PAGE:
The dominant hazard evolves over time. The transformation and interrelationships among the hazards follow a network scheme, as illustrated in Fig. 7. Shortly after the Wenchuan earthquake, slides and rock falls were dominant. With the hillslope deposits evolving into channel sediment deposits, the rain-induced debris flows became dominant in the period 2 to 5 years after the earthquake. As the repeated debris flows occurred, the fine particles in the soils eroded due to surface flow. Over time more large particles became exposed, leading to an increased triggering threshold and decreased debris flow activity. However, at present the debris flow hazards are still in an active stage in which many debris flows can outbreak in a large storm as a tremendous amount of loose material is suspended on the hill slopes, ready to be eroded and transported. The flood hazards may gradually become dominant. The landform today reflects the changes due to the many factors that have occurred over time. Processes that shape the earth surface are on-going, continuously or intermittently. The hazard-response chain in Fig. 7 describes the dynamic transitions among the six mass movement processes (landslide, rock fall, debris flow, landslide dam, flood and aggraded riverbed), and explains the interrelationships and interactions among the six geo-phenomena, and how the relative importance and preponderance of each can change over time.


The primary hazards following a strong earthquake include earthquake-induced slides and rock falls, and subsequent rain-induced slides, debris flows, floods due to landslide dam breaching and aggraded riverbeds. These hazards may either evolve separately or simultaneously. The authors investigated the landslide mass movements near the epicentre of the 2008 Wenchuan earthquake in the first eight years after the earthquake. Four inventories of landslides in 28 catchments along a major highway near the epicentre of the earthquake were prepared for the investigation. The volume of the hillslope loose deposits decreased while the volume of the channel sediment deposits increased over time. The mass transport rates were 24.5%, 16.3% and 12.1% during the rainstorms in 2010, 2011 and 2013, respectively. The quantities of the sediment that contributed to the aggraded riverbed were approximately 1.2 × 106 m3 in year 2010, 0.7 × 106 m3 in year 2011, and 1.5 × 106 m3 in year 2013, respectively. Approximately 90% of the erodible material still remains on the hillslope and channels. Such mass movement process indicates that the mass is redistributed with time or rearranged in space. The eight-year records of mass movements also demonstrate that the riverbed aggradation in the study area is mainly related to landslide-related events.

Redistribution of materials contributed to the evolution of dominant hazards in different periods. The authors propose a hazard-response chain to describe the mass movement process following a strong earthquake, based on the experience from the events that followed the 2008 Wenchuan earthquake. Six lead natural mass movement processes (i.e. landslide, rock fall, debris flow, landslide dam, flood and aggraded riverbed) are included. The hazard-response chain explains how the six hazards relate to each other and how the process changes from one type of hazard to another over time. The association of the aggraded riverbed with the successive landsliding events implies a dynamic process of the hazards and the mass movements after a strong earthquake.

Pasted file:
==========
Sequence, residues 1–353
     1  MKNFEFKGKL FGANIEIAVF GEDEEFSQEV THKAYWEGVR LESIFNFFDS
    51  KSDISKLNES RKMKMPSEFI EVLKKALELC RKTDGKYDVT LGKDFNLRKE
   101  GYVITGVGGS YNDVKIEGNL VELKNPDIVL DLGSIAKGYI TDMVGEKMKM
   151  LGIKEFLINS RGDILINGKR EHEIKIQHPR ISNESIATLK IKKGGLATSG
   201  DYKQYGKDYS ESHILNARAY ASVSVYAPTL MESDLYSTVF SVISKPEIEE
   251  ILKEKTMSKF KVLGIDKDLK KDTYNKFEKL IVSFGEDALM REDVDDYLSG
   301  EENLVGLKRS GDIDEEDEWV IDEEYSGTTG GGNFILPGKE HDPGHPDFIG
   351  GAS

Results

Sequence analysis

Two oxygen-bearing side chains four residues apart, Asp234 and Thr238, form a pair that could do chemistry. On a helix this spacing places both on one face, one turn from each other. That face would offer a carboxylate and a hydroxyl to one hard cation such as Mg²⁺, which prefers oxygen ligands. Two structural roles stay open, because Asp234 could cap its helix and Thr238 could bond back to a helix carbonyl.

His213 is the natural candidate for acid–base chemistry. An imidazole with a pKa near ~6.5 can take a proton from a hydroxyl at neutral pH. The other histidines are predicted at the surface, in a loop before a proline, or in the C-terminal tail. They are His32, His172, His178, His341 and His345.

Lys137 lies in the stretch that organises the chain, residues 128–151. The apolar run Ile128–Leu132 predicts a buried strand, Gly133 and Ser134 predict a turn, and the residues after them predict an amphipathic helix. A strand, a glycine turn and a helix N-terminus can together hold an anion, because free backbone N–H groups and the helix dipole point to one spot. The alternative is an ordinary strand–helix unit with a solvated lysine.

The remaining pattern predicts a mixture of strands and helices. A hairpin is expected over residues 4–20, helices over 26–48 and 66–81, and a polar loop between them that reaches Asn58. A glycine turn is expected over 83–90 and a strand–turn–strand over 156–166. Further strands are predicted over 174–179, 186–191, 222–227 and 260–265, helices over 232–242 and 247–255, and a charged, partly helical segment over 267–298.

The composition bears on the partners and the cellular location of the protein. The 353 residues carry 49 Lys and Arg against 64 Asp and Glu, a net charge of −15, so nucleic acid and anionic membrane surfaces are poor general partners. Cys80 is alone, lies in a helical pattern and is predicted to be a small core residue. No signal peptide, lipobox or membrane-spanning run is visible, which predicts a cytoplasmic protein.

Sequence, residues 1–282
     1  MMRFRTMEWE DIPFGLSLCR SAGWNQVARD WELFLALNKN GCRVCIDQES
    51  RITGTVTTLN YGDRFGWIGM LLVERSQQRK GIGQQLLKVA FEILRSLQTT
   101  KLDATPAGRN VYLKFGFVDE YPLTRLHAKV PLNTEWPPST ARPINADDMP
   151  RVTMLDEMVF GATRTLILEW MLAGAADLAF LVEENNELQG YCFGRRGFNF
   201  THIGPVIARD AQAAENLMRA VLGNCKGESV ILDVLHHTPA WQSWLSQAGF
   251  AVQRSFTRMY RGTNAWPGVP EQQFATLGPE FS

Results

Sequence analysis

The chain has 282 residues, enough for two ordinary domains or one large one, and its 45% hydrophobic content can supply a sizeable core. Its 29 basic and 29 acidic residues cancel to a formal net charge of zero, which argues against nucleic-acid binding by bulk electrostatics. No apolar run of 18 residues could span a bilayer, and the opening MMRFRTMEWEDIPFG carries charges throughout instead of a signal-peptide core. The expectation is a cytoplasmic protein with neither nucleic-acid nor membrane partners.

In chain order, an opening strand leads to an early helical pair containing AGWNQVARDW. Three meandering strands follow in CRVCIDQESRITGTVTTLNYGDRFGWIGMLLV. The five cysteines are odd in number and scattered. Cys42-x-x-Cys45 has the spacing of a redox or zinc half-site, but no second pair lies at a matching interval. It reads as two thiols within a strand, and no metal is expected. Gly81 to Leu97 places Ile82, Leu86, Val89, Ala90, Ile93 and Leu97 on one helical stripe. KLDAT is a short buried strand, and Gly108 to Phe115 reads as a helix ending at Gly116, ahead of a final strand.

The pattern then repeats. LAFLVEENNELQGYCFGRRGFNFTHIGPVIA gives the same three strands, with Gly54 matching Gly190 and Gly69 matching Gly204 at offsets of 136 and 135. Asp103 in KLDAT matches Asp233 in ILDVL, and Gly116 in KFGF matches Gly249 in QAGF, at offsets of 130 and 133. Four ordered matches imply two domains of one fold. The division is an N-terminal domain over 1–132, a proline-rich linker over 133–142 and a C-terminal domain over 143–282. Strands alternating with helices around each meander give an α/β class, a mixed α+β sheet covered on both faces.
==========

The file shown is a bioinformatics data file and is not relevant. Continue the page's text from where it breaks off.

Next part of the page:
Landslide mapping

Digital photo interpretation techniques and field verifications were combined to characterize the hillslope deposits, channel sediment deposits and runout materials in the study area. Quickbird images taken on 30 May 2008 (shortly after the Wenchuan earthquake), Worldwide-2 images taken on 18 December 2010 (shortly after the August 2010 debris flows), RapidEye images taken on 8 July 2011 (shortly after the July 2011 debris flows), SPOT-6 images taken on 1 December 2013 (after the July 2013 debris flows), satellite images from Google Earth Pro taken on 15 April 2015 were prepared. The resolutions of the Quickbird, Worldwide-2, RapidEype, SPOT-6, and Google Earth Pro images were 0.61 m, 2.5 m, 5 m, 1.5 m and 0.5 m, respectively. These images provide data on the areas of landslide and the areas of disturbed ground likely to be associated with debris flows. Important aspects in the recognition of landslides are the size of the landslide features, the difference in spectral characteristics between the landslides and their surrounding areas, and the morphological expression21. Features such as scarps, disrupted vegetation cover, and the state of landslide deposits were used in conjunction with the morphological features. In the recognition of debris flows, the boundaries of the catchments, the source areas, the transportation channels and the deposition zones of debris flows can be directly delineated using these satellite images with the assistance of an ArcGIS platform. The satellite images in 2015 were not interpreted since no extreme storm occurred in 2015. A digital elevation model (DEM) derived from digitized contours at 20 m intervals, mapped by Sichuan Highway Department in December 2008, was used to study the topography, geology and channel system in the study area. The slope geometry was described using the DEM on ArcGIS. More than ten rounds of field investigations were conducted at the site from March 2009 to December 2015 to validate the identification of hillslope and channel sediment deposits, examine the mass movement paths and erosion features, survey the depositional fans, measure the volumes and grain sizes of the run-out materials, and record the uplifted elevation of the riverbed.